Does your second to last sentence mean to imply that the filibuster is a constitutional provision?

To disagree with your main point, Krugman is not advocating for the revocation of the filibuster because democrats no longer have 60 senators. You have to admit that it's at least a little dishonest to write that this is Krugman's point. It's not, and I think you know this.

To my knowledge, he didn't advocate for the recall of the filibuster when Democrats were in the minority, and that's because Democrats did not try to stop government in an immature tantrum of partisan obstruction. Yes, we blocked the most partisan, ideological, and unqualified judicial candidates, as every party has done since the implementation of the filibuster. However, I challenge you to detail an incident where a democrat blocked over 70 nominations just for more earmarks (where is your rant against government spending? insert here, restore credibility). That's just one example. Republicans have filed for clotures dramatically more often.

This is Krugman's problem. President Obama has a right to fill his nominations without having to trade for more Republican pork. How can you write this post without even criticizing Shelby's approach? You certainly criticized pork for votes when it came to healthcare.

Posted by: Tim Donahue | Feb 8, 2010 4:20:44 PM

Ah yes, those threats to the republic like Miguel Estrada. Notoriously unqualified man. Democrats covered themselves in splendor on that one. Did Reid not think he had latino dialect? Wouldn't want a qualified latino to get on the judiciary. Wait, what's the word for that again? Oh that's right. Racism.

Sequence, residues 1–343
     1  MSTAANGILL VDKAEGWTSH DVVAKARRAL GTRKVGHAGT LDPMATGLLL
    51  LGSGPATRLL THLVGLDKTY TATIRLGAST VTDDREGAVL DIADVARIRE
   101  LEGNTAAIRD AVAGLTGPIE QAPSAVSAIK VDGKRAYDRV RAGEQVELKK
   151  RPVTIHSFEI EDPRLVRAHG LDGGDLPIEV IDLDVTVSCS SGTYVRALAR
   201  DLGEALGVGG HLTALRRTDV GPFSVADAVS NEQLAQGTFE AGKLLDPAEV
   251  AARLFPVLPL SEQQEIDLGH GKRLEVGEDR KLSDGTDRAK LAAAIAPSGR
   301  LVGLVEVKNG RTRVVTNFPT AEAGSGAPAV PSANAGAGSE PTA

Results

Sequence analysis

Posted by: john knox | Feb 8, 2010 4:45:01 PM

They blocked Estrada because they didn't want us to "Thomasize" the Latino quota seat.

Posted by: Lou Gots | Feb 9, 2010 7:28:36 AM

I think the good Professor would argue that while the filibuster may have been a reasonably decent tool in the past, its "abuse" by contemporary Republican senators has exposed a major problem with it. You see, Dr. Krugman wholeheartedly subscribes to every popular trope the Left develops to characterize the actions and philosophies of the Right--including the idea that today's Republicans are pure "obstructionists," out to sabotage whatever President Obama proposes, solely for political advantage. (Heaven forbid that a senator should work to "obstruct" something that he REALLY DOESN'T LIKE!)

Other popular left-wing tropes that Dr. Krugman endorses:

--Republicans are against any reform of U.S. health care, and have made no health care proposals
--Rush Limbaugh is the intellectual voice and de-facto leader of the Republican party (Glenn Beck is a contender)
--Sarah Palin is almost certain to get the Republican nomination for the 2012 Presidential election

I could go on.

If I believed that the straw men constructed by Paul and his clique in their cozy little Ivy League bubble bore any real resemblance to actual Republican or conservative values, I wouldn't call myself a conservative either.

Posted by: Steve | Feb 25, 2010 7:22:05 AM